Nat’l Food Safety Fears Might Cost Regional Agriculture

During an otherwise cheerful meeting of local foodies at the Michigan Land Use Institute last year, Don Coe stood up and announced storm clouds were on the horizon. The co-owner of Black Star Farms in Suttons Bay and state agriculture commissioner said the peanut butter recall of 2009 was too expensive for nothing to happen. Five people around the nation had died from eating peanut butter made at a plant in Georgia. Coe suggested everyone embrace the need to make America's food supply safer "without putting the small farmer out of business."

One year later, that hope hangs in the balance. More and more retail stores are demanding inspections to certify food safety standards are being followed. And the U.S. Congress has responded by drafting legislation that could greatly expand the power of the federal government to regulate farms and food producers – potentially unleashing a host of new expenses that the economics of a small farm might not be able to withstand.

Consider, for instance, that since inspectors typically charge about $92 an hour (plus the expenses associated with paperwork and other steps in the process), most farmers say the costs start around $1,000 for each fruit or vegetable grown, no matter the size of the farm.

"Which is really not very affordable," says Coe.

Currently, most small farms have no need to be certified; they usually sell directly to customers at farmers markets or at the farm. Even growers that sell through Cherry Capital Foods, a niche wholesaler in Traverse City that distributes food regionally, need not be certified yet.

But if legislation changes that? Cherry Capital Foods' manager, Evan Smith, says he doesn't think the small farms that make up the local food economy are in a position to handle costly new rules and regulations.

"If we kill that part of the industry with paperwork and money at this point, we're going to defeat a growing movement and make it much more difficult for the local farmers to get into the restaurants, schools and facilities where local food is wanted," he says.

Smith says Cherry Capital Foods will seek to become a certified food handler in the future; right now, it cannot sell to some potentially large buyers in the area, like Munson Hospital, without doing so.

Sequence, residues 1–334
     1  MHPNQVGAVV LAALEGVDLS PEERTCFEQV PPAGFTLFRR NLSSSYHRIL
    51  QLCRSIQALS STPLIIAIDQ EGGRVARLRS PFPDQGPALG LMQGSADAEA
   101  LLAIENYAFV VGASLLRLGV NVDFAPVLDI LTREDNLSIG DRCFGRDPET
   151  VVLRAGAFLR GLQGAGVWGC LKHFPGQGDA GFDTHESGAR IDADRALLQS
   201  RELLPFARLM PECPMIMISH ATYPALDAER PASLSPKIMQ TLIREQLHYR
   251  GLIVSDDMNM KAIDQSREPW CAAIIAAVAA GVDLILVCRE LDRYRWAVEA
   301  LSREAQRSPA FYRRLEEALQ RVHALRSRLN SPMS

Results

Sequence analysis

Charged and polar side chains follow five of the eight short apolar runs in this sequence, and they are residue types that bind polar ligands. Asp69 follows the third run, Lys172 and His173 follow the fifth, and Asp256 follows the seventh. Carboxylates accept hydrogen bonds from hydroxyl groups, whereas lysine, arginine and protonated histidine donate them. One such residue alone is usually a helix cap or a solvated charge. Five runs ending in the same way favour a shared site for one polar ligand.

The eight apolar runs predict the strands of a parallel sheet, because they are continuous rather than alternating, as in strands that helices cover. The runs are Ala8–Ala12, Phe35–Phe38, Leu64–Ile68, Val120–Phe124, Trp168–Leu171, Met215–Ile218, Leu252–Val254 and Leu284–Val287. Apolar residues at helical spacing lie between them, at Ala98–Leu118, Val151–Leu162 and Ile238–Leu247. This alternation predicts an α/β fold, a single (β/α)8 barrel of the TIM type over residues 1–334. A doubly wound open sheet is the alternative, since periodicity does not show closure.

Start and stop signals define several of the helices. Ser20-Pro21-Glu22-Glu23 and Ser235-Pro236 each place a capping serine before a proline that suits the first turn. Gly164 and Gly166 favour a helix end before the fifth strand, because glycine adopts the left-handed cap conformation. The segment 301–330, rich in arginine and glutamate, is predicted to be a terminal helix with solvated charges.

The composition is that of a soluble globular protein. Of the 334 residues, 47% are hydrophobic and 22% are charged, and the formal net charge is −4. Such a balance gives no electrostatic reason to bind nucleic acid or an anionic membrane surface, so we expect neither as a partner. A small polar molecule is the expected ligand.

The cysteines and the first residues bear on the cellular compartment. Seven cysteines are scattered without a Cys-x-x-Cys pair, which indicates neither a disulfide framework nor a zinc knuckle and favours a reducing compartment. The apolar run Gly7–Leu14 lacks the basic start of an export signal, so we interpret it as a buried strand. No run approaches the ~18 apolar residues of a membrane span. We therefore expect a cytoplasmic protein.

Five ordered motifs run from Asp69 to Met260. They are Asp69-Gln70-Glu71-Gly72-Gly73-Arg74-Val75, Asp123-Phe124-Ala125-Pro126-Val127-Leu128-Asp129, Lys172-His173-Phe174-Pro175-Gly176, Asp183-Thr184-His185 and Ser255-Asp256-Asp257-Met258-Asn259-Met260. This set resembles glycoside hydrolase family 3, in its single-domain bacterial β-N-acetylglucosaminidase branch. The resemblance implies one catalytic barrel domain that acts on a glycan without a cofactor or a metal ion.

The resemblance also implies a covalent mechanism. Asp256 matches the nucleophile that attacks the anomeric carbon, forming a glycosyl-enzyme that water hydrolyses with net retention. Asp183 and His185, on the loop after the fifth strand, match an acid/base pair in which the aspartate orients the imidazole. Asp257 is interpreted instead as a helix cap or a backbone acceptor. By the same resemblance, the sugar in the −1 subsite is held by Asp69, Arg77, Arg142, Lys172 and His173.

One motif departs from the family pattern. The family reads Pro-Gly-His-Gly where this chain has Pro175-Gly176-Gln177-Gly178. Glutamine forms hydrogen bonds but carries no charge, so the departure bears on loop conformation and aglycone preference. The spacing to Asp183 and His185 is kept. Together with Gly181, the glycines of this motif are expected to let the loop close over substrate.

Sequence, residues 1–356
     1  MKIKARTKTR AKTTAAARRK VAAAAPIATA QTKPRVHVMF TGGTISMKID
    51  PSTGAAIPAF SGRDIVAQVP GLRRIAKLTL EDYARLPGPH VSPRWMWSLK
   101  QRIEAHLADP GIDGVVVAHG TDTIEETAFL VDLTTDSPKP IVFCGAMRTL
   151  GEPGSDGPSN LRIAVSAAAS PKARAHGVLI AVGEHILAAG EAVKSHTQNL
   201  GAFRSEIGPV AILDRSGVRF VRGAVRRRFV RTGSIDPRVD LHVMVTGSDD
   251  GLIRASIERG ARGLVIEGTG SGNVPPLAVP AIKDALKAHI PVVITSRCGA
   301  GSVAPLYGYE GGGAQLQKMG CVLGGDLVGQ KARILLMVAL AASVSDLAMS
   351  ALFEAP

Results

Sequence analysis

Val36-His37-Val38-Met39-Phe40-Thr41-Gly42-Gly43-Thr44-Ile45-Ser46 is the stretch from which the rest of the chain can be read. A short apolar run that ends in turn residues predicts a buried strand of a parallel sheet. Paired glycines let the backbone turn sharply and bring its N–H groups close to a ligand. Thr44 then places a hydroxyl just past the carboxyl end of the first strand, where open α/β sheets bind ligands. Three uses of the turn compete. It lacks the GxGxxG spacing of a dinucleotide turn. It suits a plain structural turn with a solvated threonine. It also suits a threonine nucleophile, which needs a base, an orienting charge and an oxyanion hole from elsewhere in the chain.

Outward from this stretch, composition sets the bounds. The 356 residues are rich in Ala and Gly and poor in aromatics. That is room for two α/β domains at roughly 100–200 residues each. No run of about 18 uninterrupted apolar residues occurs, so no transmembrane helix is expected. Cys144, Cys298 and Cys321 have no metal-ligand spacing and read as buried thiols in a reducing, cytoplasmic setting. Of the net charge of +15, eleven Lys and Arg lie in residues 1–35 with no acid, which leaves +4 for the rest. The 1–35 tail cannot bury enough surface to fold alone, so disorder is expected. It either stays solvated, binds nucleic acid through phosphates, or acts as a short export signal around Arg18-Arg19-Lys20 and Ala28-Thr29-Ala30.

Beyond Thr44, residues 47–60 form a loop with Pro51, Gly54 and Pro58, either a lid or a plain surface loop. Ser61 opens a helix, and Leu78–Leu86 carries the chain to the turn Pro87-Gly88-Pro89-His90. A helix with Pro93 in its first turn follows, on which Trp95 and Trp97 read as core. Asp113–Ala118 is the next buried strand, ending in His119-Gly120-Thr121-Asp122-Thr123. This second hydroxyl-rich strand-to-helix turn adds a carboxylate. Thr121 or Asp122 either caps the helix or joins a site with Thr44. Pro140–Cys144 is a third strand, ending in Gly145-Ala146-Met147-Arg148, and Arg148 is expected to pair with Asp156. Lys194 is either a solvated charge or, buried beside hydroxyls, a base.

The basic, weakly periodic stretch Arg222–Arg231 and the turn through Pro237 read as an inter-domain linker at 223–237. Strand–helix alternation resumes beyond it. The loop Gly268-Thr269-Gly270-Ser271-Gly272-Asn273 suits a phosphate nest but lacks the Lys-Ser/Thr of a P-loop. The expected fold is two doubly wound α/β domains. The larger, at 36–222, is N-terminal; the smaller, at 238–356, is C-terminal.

Certification is awarded based on points, and food handlers do get points if all their growers are certified, but Smith says they'll be able to make it up in other ways. He's glad to cover for growers who, he believes, run safe operations anyway.

"I'm not convinced that the greatest threat to food safety lies in the small scale production that is being delivered in a day or two to a local consumer," says Smith. "I think the local food economy has probably been safer than the mega food economy for a long time."

Producers of the region's main commodity crop, tart cherries, are also not in a great position to deal with new costs right now. A thousand dollars to certify a cherry farm that grows hundreds of thousands of pounds of fruit may seem like a pittance, but the value of tart cherries already has dropped below the cost to produce them. Dave Edmondson, a grower on Old Mission Peninsula, says the pressure to sell fruit at the lowest possible price is driving people like him out of business. He says the market doesn't adjust when growers are asked to absorb new costs.

"I'd love to raise the bar," says Edmondson. "But how are we going to pay for it?"

The U.S. Congress may be debating that question as soon as this spring. Legislation already pending in Washington would require certification for many producers regardless of what the market demands. At the moment, the only growers who would escape new requirements would be those who grow, but do nothing to process, fruits and vegetables that have shown no risk to carrying food borne illnesses. (Even a family selling a few tomatoes from their garden at a roadside stand could fall under government regulation.)

The U.S. Senate, but not the House, is committed to making inspections free to farmers. If not free, the National Sustainable Agriculture Coalition projects the costs for the new oversight would run into the billions of dollars for all the new oversight. The group's policy director, Ferd Hoefner, says it would make more sense for the government to target operations based on risk.

"If there are farms that FDA scientists say are of no concern," asks Hoefner, "why would we spend taxpayers' money to hire new FDA inspectors to go inspect those farms?"

Hoefner says new rules could become law as early as this spring, and at the moment the FDA is committed to casting the regulatory net as widely as possible. Still, he says, there's hope: Arguments in favor of distinguishing between farms' differing scale of risk are getting some traction in Washington. And there are also some exceptions in the bill based on how much food is sold directly by the producer to the people who eat it. BN

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